George Will

In an essay, "Mongrel America," published in the January-February 2003 Atlantic Monthly, Gregory Rodriguez of the New America Foundation suggests that intermarriage rates will accelerate enough that by the end of the century, 37 percent of African Americans will claim mixed ancestry and the number of Latinos claiming mixed ancestry will be twice the number claiming a single background. "Nationally," Rodriguez writes, "whereas only 8 percent of foreign-born Latinos marry non-Latinos, 32 percent of second-generation Latinos and 57 percent of third-generation Latinos marry outside their ethnic group." For those three categories of Asian Americans, the percentages are 13, 34 and 54.

John D. Skrentny, a sociologist at the University of California at San Diego, wrote in the winter 2002 issue of the Public Interest about questions arising from the unintended entanglement of affirmative action with immigration realities. Should affirmative action apply to recent black immigrants from Africa and the Caribbean? What threshold of past -- or present -- discrimination is pertinent to trigger eligibility for affirmative action?

Or is discrimination even pertinent? The "diversity" rationale for some racial preferences, as in college admissions, has no necessary connection to any suffering.

And, by the way, are Hispanics "people of color" or, as many of them think, white? That is how the 1920 Census counted Mexican Americans. The 1930 Census assigned them to a separate Mexican racial category. In 1940 they were reclassified as white. "Today," says Rodriguez, "almost half the Latinos in California, which is home to a third of the nation's Latinos (most of them of Mexican descent), check 'other' as their race."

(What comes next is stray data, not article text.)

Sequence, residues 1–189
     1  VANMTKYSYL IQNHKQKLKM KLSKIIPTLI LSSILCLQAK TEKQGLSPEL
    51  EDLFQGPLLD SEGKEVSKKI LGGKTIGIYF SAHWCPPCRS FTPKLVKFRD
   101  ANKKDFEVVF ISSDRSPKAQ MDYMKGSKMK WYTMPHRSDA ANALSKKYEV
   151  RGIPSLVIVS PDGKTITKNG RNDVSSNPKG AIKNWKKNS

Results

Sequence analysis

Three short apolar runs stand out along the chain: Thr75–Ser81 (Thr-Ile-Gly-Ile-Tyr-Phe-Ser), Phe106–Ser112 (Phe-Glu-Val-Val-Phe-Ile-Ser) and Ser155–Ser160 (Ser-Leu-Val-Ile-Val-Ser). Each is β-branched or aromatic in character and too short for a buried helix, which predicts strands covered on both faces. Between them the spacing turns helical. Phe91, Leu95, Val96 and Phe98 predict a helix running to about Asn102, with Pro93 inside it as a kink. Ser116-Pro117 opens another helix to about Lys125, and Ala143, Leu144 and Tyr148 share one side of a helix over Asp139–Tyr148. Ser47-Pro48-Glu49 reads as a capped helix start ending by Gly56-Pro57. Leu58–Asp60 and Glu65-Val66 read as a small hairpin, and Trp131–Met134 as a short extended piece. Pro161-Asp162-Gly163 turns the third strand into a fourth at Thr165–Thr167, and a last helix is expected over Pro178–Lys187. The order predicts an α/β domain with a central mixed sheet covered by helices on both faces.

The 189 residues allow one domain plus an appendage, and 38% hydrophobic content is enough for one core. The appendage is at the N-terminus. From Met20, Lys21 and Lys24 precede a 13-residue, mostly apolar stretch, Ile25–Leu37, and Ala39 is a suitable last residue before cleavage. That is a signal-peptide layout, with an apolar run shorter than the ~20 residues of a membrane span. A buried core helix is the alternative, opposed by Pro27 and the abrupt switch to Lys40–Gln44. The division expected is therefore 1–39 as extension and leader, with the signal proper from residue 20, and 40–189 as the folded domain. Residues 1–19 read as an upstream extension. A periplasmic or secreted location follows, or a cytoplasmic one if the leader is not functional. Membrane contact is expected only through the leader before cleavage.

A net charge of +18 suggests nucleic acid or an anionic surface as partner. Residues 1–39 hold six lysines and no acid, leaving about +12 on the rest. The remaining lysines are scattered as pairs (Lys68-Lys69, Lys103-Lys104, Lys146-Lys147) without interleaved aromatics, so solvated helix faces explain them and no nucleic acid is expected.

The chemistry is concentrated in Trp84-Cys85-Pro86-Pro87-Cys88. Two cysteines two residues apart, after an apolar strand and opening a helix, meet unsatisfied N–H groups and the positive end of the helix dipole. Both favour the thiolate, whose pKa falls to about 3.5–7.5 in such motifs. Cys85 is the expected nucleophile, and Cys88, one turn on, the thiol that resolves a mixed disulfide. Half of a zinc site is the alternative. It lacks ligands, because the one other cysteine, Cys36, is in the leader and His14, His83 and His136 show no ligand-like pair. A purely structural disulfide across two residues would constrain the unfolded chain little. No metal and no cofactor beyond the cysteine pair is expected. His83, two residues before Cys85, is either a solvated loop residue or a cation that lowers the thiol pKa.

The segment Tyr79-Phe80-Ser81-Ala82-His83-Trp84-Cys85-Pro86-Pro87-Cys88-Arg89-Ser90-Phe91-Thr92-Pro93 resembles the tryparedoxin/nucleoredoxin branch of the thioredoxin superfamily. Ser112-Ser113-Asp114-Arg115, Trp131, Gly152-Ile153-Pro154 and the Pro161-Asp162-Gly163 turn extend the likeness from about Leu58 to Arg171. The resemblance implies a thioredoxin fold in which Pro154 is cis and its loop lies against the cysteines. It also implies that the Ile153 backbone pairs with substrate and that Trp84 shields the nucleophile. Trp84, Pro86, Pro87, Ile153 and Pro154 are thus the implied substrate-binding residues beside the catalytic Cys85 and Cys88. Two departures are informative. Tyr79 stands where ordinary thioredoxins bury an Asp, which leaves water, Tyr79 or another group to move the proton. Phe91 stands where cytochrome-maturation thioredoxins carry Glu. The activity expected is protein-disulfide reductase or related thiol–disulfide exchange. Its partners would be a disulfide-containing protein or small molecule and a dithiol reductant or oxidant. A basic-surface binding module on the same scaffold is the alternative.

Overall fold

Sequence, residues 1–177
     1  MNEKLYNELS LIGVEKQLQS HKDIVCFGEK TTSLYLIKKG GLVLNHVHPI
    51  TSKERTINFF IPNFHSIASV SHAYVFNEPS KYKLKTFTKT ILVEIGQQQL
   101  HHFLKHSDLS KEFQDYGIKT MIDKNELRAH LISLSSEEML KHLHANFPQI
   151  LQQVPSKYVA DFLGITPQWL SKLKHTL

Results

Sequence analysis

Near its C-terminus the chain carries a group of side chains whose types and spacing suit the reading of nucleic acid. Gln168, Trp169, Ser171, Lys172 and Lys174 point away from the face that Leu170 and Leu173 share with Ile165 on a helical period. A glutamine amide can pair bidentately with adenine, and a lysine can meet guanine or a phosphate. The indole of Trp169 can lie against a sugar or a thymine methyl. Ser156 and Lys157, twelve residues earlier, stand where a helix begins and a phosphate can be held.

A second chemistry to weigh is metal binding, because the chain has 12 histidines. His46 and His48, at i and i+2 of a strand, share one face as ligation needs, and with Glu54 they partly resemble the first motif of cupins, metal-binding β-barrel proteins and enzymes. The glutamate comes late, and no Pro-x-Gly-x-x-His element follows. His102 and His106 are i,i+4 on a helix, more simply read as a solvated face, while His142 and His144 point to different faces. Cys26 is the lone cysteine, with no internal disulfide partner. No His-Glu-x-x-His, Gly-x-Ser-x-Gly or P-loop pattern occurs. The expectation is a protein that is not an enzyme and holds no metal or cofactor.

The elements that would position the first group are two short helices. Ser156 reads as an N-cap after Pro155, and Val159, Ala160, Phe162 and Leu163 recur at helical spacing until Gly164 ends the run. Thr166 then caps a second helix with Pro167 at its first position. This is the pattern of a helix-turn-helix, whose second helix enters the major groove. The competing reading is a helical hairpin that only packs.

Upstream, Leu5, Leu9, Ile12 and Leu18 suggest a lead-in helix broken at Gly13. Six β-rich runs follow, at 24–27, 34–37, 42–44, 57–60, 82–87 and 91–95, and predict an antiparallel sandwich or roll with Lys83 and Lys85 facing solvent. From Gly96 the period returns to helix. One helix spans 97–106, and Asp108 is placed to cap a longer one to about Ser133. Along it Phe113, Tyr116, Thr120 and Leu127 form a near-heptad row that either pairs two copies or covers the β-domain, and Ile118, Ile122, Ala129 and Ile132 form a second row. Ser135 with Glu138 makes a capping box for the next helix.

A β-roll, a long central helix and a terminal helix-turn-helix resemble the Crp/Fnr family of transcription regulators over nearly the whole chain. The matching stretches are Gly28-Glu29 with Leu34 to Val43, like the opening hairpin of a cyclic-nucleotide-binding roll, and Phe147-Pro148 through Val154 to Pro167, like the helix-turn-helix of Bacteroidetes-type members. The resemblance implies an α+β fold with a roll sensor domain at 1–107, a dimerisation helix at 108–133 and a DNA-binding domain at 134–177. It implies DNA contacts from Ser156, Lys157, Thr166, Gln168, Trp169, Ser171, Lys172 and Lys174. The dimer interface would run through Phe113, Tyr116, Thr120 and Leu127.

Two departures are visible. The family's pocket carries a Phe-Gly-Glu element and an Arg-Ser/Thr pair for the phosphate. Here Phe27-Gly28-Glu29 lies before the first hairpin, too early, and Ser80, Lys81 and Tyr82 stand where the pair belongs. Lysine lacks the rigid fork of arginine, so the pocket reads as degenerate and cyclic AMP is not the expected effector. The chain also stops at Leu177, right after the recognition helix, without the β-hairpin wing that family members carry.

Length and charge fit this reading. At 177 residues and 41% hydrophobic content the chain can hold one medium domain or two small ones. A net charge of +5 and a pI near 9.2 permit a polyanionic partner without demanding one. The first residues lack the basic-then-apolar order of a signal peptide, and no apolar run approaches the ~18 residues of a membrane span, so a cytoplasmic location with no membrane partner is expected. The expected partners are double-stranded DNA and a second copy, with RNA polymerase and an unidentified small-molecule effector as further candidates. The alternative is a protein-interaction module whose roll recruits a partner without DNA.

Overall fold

Thirty years ago, New York Sen. James Buckley complained that the Labor Department Office of Federal Contract Compliance's primary regulation concerning affirmative action used the word "minority" 65 times without defining it. You can understand why.

The growing arbitrariness and unreality of the government's official racial categories is a reason for dropping them. Unfortunately, the spoils system that has grown up around them gives interest groups a stake in perpetuating them.

But race relations are being bedeviled by battles over quotas, preferences and other badges of victimhood and diminished competence. A cooling of the acrimonious scramble for group preferences might be one result of blurring the false clarity of the racial categories that the census uses and that fuel the scramble. And in this, blurring would be not imprecision, but accuracy.

George Will

George F. Will is a 1976 Pulitzer Prize winner whose columns are syndicated in more than 400 magazines and newspapers worldwide.
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